Genomics of Soil- and Plant-Associated Fungi [electronic resource] / edited by Benjamin A. Horwitz, Prasun K. Mukherjee, Mala Mukherjee, Christian P. Kubicek.Material type: TextSeries: Soil Biology ; 36Publisher: Berlin, Heidelberg : Springer Berlin Heidelberg : Imprint: Springer, 2013Description: XII, 388 p. 42 illus., 25 illus. in color. online resourceContent type:
- online resource
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Genomic contributions to the study of soil and plant-interacting fungi -- Fungal genomics for energy and environment -- Advancement of functional genomics of a model species of Neurospora and its use for ecological genomics of soil fungi -- Major Plant Pathogens of the Magnaporthaceae Family -- Aspergillus - Genomics of a cosmopolitan fungus -- Trichoderma – genomic aspects of mycoparasitism and biomass degradation -- Fusarium oxysporum: A "moving" view of pathogenicity -- Genomics and spectroscopy provide novel insights into the mechanisms of litter decomposition and nitrogen assimilation by ectomycorrhizal fungi -- Cochliobolus heterostrophus, a Dothideomycete pathogen of maize -- Penicillum chrysogenum - the genomics of antibiotics production -- Rhizopus oryzae - genetic secrets of an emerging human pathogen -- Podospora anserina: from laboratory to biotechnology -- Recent advances on the genomics of litter- and soil-inhabiting Agaricomycetes -- Archaeorhizomycetes, patterns of distribution and abundance in soil -- Methods in Fungal Genetics.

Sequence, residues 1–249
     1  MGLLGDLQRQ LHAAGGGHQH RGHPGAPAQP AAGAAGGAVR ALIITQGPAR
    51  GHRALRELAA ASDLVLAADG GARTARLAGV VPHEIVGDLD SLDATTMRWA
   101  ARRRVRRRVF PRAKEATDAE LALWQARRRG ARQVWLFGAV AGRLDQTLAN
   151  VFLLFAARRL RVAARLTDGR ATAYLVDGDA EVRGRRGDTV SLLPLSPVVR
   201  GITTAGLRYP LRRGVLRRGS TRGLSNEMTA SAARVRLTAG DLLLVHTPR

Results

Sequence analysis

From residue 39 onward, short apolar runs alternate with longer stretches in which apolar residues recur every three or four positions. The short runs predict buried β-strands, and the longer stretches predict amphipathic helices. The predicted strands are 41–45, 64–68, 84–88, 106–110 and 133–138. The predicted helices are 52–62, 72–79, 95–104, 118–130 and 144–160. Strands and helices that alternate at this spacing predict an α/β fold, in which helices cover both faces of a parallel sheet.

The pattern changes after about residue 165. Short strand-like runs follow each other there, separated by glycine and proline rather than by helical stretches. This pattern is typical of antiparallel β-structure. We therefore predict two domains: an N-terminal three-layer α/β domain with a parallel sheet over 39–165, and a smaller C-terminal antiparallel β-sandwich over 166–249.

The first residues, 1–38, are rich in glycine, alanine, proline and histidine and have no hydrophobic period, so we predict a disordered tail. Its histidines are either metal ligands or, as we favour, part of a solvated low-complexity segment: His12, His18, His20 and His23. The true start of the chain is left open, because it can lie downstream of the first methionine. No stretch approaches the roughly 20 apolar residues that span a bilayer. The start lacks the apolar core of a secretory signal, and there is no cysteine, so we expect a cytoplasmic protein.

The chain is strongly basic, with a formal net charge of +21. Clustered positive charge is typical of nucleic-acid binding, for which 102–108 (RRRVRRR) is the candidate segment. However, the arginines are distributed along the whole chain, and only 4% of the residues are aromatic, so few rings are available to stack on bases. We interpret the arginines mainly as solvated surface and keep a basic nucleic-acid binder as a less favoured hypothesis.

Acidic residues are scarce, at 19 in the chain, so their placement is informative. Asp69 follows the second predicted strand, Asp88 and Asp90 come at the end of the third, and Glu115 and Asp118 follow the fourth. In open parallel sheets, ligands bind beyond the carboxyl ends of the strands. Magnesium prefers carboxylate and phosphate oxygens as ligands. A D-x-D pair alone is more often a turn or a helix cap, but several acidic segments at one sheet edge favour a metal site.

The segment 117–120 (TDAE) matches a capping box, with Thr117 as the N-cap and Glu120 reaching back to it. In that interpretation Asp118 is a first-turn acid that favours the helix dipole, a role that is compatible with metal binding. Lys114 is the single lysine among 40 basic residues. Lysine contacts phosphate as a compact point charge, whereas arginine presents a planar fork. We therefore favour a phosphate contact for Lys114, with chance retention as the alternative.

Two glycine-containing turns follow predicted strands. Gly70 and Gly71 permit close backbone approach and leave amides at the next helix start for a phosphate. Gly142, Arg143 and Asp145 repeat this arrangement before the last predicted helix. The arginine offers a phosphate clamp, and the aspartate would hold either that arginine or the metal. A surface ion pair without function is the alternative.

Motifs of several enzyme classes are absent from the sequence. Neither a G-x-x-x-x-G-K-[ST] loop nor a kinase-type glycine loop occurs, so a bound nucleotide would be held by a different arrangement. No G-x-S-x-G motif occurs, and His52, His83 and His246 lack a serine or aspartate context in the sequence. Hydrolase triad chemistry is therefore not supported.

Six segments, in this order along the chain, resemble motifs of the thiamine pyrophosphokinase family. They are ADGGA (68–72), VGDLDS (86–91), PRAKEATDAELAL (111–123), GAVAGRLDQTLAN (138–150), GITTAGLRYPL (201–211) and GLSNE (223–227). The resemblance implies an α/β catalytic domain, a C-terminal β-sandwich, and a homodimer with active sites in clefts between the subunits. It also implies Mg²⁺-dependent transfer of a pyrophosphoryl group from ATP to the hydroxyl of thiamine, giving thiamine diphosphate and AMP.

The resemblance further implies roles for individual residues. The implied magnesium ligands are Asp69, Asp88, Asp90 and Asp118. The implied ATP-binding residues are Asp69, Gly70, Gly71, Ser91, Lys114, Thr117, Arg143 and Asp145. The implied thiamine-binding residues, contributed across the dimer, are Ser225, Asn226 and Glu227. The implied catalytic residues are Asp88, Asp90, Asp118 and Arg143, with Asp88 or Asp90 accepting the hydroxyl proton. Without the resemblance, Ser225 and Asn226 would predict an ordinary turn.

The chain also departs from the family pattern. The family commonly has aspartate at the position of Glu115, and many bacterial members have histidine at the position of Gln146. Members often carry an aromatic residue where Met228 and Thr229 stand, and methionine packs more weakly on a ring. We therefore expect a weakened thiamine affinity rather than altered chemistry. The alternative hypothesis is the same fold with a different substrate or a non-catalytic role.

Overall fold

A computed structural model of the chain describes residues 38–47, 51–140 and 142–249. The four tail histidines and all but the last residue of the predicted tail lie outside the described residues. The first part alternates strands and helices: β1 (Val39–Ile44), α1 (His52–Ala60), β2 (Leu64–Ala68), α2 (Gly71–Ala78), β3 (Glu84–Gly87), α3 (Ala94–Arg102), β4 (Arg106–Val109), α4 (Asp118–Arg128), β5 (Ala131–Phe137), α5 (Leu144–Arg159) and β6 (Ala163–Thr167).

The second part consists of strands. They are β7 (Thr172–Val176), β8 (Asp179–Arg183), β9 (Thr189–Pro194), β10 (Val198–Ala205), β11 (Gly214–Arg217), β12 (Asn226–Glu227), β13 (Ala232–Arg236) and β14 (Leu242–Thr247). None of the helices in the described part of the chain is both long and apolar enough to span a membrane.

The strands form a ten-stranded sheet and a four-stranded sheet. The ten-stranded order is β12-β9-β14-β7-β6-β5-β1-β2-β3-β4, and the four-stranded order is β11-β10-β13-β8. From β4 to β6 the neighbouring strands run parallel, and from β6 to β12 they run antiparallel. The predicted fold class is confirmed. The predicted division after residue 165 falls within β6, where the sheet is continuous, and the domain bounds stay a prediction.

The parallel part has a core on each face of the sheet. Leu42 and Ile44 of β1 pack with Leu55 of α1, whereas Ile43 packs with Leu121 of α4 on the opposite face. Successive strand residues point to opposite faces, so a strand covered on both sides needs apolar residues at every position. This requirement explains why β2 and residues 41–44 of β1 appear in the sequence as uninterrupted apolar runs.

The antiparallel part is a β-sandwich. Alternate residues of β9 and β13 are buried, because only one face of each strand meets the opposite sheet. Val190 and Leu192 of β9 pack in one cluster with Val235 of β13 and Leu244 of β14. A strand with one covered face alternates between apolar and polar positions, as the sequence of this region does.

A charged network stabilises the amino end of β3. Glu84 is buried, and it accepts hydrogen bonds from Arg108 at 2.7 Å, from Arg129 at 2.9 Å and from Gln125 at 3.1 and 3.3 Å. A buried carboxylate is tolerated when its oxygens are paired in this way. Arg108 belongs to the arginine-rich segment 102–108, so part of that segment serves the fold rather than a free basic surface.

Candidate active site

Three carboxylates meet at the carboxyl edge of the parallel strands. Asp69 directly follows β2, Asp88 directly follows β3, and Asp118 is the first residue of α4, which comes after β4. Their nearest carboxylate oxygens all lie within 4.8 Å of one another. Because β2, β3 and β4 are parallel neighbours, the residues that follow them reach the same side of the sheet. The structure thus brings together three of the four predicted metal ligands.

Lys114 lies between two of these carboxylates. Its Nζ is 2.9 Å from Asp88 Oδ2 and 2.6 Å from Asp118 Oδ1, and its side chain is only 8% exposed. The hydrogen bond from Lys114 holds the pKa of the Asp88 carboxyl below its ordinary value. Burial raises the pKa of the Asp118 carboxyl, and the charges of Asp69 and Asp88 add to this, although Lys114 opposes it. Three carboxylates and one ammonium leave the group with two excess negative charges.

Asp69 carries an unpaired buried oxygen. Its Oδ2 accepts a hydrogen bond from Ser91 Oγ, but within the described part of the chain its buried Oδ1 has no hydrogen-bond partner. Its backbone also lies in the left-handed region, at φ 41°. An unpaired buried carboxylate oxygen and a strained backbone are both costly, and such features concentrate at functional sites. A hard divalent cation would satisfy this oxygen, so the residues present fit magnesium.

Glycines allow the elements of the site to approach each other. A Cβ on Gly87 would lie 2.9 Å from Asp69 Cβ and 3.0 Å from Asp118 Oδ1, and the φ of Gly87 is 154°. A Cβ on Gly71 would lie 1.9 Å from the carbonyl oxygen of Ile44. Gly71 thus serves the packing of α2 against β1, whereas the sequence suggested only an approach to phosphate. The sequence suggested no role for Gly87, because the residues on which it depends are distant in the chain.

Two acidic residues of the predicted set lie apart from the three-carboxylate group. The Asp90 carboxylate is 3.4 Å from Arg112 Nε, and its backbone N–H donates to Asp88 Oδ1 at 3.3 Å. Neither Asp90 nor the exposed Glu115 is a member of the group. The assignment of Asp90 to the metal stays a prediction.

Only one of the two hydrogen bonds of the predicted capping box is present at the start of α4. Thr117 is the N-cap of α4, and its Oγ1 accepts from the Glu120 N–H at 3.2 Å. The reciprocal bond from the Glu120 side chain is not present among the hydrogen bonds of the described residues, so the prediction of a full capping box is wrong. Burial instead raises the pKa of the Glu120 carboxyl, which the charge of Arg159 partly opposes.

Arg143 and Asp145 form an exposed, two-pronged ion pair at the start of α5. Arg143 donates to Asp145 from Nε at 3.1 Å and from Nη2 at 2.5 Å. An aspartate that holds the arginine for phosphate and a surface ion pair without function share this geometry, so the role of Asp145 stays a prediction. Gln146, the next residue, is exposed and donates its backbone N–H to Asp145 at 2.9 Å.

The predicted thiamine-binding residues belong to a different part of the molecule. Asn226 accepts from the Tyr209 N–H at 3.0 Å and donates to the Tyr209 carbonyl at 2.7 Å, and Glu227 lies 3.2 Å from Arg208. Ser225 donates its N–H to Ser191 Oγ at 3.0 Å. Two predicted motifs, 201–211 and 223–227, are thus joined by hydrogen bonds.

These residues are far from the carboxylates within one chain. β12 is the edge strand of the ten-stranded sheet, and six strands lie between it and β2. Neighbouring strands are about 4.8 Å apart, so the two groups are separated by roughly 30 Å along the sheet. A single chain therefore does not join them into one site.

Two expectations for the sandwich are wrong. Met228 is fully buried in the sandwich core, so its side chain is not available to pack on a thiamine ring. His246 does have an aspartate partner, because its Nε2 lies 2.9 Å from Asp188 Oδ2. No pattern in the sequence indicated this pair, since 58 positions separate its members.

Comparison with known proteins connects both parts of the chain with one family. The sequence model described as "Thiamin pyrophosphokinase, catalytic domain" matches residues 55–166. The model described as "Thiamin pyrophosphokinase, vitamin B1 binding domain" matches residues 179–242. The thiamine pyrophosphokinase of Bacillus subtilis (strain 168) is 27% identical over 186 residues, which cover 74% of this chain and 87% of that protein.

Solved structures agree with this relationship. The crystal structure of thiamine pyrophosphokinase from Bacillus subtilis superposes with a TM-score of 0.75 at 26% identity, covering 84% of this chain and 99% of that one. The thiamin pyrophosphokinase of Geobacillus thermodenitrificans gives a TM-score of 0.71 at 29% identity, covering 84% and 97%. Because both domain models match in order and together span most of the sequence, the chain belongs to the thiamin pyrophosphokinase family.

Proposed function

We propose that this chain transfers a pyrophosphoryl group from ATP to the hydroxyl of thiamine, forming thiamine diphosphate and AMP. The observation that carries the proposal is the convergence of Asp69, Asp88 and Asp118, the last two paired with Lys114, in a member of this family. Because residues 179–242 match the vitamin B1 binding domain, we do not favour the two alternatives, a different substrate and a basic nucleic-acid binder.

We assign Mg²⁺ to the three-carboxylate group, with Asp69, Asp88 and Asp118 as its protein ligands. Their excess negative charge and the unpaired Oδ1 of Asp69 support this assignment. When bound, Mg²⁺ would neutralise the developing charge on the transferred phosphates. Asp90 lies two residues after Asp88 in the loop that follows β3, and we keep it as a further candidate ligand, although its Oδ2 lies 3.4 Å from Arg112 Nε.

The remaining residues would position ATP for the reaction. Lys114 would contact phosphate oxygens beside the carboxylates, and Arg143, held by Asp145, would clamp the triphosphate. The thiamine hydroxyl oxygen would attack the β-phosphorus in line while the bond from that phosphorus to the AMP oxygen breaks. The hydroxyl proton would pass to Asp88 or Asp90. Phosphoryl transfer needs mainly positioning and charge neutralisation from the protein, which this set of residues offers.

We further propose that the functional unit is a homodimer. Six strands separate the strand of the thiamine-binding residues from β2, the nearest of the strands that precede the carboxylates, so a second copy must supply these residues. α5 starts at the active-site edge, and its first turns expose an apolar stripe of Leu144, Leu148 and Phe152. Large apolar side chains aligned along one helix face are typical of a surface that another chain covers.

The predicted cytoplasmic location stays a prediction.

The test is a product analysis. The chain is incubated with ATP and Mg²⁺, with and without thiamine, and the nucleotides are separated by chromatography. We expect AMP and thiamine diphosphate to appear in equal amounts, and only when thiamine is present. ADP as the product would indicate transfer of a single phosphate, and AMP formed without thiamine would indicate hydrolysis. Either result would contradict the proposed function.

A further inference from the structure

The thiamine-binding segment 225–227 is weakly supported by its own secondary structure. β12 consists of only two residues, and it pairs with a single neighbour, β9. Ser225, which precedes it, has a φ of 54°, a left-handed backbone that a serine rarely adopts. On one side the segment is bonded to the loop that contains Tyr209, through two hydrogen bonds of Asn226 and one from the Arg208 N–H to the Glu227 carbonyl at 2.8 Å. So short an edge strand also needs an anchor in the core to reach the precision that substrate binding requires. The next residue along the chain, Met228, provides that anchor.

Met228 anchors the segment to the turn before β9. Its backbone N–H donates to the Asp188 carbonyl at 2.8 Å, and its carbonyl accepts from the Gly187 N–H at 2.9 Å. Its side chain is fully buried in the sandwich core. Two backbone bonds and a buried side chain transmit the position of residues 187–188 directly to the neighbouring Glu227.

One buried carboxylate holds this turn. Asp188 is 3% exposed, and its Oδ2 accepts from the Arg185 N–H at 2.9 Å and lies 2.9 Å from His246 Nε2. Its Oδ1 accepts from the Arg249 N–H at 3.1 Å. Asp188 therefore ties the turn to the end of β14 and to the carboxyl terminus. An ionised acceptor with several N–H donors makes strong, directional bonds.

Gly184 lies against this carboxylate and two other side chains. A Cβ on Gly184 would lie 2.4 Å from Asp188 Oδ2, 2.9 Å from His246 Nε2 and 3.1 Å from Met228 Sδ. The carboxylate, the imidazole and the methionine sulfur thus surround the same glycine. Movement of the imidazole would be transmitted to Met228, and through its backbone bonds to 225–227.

This volume addresses the similarities and also the differences in the genomes of soil saprophytes, symbionts, and plant pathogens by using examples of fungal species to illustrate particular principles. It analyzes how the specific interactions with the hosts and the influence of the environment may have shaped genome evolution. The relevance of fungal genetic research and biotechnological applications is shown for areas such as plant pathogenesis, biomass degradation, litter decomposition, nitrogen assimilation, antibiotic production, mycoparasitism, energy, ecology, and also for soil fungi turning to human pathogens. In addition to the model organisms Neurospora and Aspergillus, the following species are covered providing a view of pathogens and mutualists: Trichoderma, Fusarium oxysporum, Cochliobolus heterostrophus, Penicillium chrysogenum, Rhizopus oryzae, Podospora anserina, and species belonging to Agaricomycetes, Archaeorhizomycetes and Magnaporthaceae. Ecology and potential applications have guided the choice of fungal genes to be studied and it will be fascinating to follow the trends of future sequencing projects.